Recipe: Traditional Sauerkraut

sauerkraut, fermented relishes, beneficial bacteria, dill, juniper, whey, cabbageHow do I make sauerkraut?  I am asked this quite a lot.  Probably because I am always recommending that everyone eats it! Sauerkraut is German for ‘soured cabbage’.  The beneficial bacteria in this relish do turn the plain green vegetable into an interesting, slightly sour, tangy flavour.  It’s amazing!  Everybody wants to make raw sauerkraut these days, so lets get started!


sauerkraut, fermented relishes, beneficial bacteria, dill, juniper, whey, cabbage Ingredients

1kg green cabbage, quartered, cored and roughly shredded.
1 tbsp. sea salt
4 tbsp. whey (or use an extra tbsp. sea salt)

plus 1 tbsp. of either caraway seeds, chopped dill or juniper berries,
or a mix, as you like.

I love adding a Granny Smith apple and juniper berries to the mix for a beautiful aqua-green sharp and sour kraut.  This recipe was recently featured by Vogue Magazine


If this is the first time you are making a fermented relish then first have a look at my blog post Basic Tips for Fermentation.  You may also like What are the health benefits of fermentation? These posts will help you understand the techniques involved in making sauerkraut and other relishes. Then you are free to play.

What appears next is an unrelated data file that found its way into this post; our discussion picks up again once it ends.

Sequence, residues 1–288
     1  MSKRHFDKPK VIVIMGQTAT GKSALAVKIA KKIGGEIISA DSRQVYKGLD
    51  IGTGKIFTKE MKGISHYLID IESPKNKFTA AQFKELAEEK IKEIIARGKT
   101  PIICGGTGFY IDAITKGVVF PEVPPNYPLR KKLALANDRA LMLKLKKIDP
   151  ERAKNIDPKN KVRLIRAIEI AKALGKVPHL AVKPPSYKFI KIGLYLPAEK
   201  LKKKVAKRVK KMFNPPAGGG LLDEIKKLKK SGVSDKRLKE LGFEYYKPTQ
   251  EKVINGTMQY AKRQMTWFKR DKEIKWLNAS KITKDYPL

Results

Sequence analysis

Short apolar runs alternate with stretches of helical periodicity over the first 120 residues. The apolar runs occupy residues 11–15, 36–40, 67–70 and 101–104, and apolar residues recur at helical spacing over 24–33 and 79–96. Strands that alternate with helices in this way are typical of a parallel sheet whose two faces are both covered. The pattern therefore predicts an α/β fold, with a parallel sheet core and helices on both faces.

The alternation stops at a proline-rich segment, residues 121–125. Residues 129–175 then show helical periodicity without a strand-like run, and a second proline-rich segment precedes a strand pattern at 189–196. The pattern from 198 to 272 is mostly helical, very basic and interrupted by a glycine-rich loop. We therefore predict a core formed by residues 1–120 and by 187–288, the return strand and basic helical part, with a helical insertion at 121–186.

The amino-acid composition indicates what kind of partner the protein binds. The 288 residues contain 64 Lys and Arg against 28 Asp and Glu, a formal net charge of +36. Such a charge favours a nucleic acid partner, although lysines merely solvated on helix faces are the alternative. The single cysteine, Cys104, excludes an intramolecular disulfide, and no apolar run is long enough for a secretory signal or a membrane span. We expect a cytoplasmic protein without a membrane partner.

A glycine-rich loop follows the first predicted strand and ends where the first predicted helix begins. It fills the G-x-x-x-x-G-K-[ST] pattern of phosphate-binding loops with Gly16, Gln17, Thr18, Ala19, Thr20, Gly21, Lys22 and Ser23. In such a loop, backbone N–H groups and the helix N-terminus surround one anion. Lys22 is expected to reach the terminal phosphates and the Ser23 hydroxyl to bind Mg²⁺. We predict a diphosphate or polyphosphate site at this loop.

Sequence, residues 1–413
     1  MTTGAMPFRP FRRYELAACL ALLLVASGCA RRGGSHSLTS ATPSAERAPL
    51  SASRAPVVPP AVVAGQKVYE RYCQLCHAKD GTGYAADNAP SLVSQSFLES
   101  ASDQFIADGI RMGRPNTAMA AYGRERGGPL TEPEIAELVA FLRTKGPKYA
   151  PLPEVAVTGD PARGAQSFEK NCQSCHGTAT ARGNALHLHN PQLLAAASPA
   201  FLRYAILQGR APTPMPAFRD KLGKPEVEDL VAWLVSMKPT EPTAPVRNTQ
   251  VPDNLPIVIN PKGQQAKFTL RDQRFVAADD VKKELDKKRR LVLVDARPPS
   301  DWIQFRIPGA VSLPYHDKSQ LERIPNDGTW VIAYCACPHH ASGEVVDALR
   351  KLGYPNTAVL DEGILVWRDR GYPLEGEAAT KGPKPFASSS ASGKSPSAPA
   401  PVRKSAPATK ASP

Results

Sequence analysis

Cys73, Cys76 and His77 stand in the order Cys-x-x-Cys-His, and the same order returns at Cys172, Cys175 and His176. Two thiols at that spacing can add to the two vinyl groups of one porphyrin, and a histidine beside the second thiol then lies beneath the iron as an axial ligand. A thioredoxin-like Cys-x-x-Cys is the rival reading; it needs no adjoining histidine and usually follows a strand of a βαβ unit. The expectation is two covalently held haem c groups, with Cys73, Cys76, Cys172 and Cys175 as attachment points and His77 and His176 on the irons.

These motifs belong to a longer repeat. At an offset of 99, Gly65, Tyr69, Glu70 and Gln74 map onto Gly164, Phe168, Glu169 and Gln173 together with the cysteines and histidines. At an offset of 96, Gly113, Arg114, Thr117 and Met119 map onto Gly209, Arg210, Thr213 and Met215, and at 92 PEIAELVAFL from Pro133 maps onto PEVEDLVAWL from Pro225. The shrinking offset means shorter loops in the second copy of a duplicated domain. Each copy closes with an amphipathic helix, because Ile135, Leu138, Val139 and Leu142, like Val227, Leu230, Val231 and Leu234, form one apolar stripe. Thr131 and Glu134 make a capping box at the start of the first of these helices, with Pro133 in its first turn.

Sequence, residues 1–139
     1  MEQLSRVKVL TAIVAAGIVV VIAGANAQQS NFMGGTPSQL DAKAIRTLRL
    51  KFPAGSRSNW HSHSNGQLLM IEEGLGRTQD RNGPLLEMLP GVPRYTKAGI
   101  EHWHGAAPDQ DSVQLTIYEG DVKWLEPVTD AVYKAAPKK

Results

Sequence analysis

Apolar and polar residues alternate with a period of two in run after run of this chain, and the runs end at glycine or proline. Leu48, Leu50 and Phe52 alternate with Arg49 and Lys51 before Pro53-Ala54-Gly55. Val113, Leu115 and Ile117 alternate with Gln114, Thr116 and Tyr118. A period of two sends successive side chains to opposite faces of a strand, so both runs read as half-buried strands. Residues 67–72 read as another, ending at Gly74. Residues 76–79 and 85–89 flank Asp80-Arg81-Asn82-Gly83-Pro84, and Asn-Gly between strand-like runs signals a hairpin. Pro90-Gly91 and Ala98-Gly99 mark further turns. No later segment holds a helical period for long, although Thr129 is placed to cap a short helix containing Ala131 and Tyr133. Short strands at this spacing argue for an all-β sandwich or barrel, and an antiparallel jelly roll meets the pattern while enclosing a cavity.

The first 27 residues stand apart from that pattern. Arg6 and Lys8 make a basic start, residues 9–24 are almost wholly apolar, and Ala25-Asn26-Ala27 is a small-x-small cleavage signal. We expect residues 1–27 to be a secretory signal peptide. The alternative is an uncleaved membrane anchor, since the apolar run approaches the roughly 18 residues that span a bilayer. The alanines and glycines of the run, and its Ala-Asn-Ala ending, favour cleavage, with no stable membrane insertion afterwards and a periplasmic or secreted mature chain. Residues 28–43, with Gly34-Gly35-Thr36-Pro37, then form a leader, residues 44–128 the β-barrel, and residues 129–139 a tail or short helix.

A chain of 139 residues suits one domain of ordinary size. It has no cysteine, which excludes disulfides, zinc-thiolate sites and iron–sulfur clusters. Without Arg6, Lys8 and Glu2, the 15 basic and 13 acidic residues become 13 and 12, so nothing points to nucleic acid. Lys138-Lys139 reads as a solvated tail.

Add the salt to the bowl of cabbage.  Using a rolling pin or a wooden hammer to pound the cabbage. It is best to time yourself and do this for six to ten minutes.  This is a really important part of the process.  Put a couple of your favourite tunes on and bash!

Add the whey, if using it, and the herbs or spices.  Mix thoroughly.

Transfer to a wide mouth jar and pack in the mixture.  This is another important step.  Keep pushing down with a rolling pin or spoon to ensure that you get all of the air out and you are submerging the vegetables in their own juices.

Leave a couple of cm space at the top.  Seal the jar and leave out for three weeks.  You will need to release the gas from the jar by slightly opening the lid, every day or so for the first week.

Flavour Variations
The recipe above is for a basic, traditional relish.  Once you understand the process you can start to add all sorts of other vegetables.  The relish below is Cabbage, Red Cabbage and Purple Radish.

You might also like to try out my recipes for:

Kimchi – spicy Korean relish

Tomato Pepper Relish



About Katie Clare

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One Response to Recipe: Traditional Sauerkraut

  1. Pingback: Katie Clare - Fermentation in Vogue

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